Bending Wood via Steam Bending

The idea of bending wood into arches and such, can be quite challenging if you’ve never done it before. There are many reasons why you might want to bend wood into various shapes, but suffice it to say, it’s certainly something worth learning how to do! Whether it’s an arched doorway or an S shaped guard rail, variety is the spice of life!

There are a few ways in which to accomplish this task, but perhaps the most well-known and used method is steam bending. This method incorporates a steam box and a steam source. You’ll also need to prepare a mould to hold your steamed wood until it dries to keep its shape. This should be done before steaming as you’ll want to Illustration of custom-made steam boxtransfer the wood into the mould immediately after steaming.

Your wood steaming setup can be made using primitive materials, although due caution is called for! – The steam gets very hot! The steam box can be as simple as planks of wood nailed together, although wood under an inch in thickness will let significant amounts of heat escape. The steam source can be as simple as a camping stove and kettle.

The steam box should be built to the size of your needs and should not be air-tight – for obvious reasons. Steam can build up tremendous pressure if not allowed to escape! Of course, you don’t want to go over board in this and have huge gaping cracks everywhere either – just drill a small hole at the end of the box.

The idea is for the steam to soak into the wood at a maximum rate without building up the steam pressure to the point that it will go ka-boom. Simple enough no? So you’ve built your steam box, now you need to somehow attach your steam source to your steam box. Some may try to use a hose of some kind, but that can get tricky if you don’t know what you’re doing.

Remember, whatever you attach directly to your kettle will need to be able to withstand temperatures of at least 100 degrees Celsius. So in light of that, you may or may not want to go shoving on some random garden hose. I’d recommend either a metal hose of some kind, or use an open pot and bring it right up to the bottom of your steam box.

This method is perhaps the simplest. Rig up legs on one end of your steam box, and on the other, make a round opening slightly smaller than the diameter of your pot. It’s important to have your setup on a stable surface with no possible disturbances. Making the whole steam box level with the pot is crucial to sealing the joint between the pot and steam box.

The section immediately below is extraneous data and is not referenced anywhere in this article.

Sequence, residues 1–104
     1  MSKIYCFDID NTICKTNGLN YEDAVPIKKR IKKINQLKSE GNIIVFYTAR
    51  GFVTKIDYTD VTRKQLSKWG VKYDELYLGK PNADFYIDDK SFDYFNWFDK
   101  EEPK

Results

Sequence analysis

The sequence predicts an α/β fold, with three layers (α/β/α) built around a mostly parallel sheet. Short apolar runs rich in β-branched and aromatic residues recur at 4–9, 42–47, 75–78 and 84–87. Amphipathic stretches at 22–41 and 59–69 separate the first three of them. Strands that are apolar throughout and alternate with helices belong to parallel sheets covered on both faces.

Now you’ll also want to prop up your wood inside the steam box so the steam can get to all surfaces of the wood in as even a manner as possible. You can use wire to string it up from the top, or you can just prop it up with a couple thin pieces of wood. Wire is better in that it’s thinner and will thus leave more wood surface exposed.

Well, your steam bending rig is now ready to start doing what you made it for! Simply turn on your gas stove and wait for the steam to come puffing out the vent hole. Once it does, you can begin timing. They say about an hour per inch of wood surface. Once you steam your boards, you should immediately place it into your mould for setting.

Wait for it to dry and you have your lovely steam bent boards ready to be used! But before you go skipping off happily, there are a few last tips and things to keep in mind:

  • Not all types of wood are suitable for steam bending. In other words, some don’t respond as willingly as others do to steam.
  • Steam bending can leave what’s called residual stresses in the wood and can sometimes lead to premature failure – in structural members – or spring-back with time.

2 Responses to Bending Wood via Steam Bending

  1. woodsman says:

    I need to bend some round pine and cedar limb wood about 2″ to 2 1/2″ in diameter. These pieces will be 3′ to 8′ long and are not green. None of the bends will be less than a 1/2 circle. I have never steamed any wood or built a steamer. I am going to have to start from scratch. Does anyone have any suggestions or comments.

  2. freehandyman says:

    Well, if you follow the instructions in the article above, you can make yourself a pretty decent wood steamer – certainly capable of doing what you want done. 2 inches is a reasonable thickness, and a half-circle is not a small bend by any means. So steam-bending may be your only viable option, I don’t know.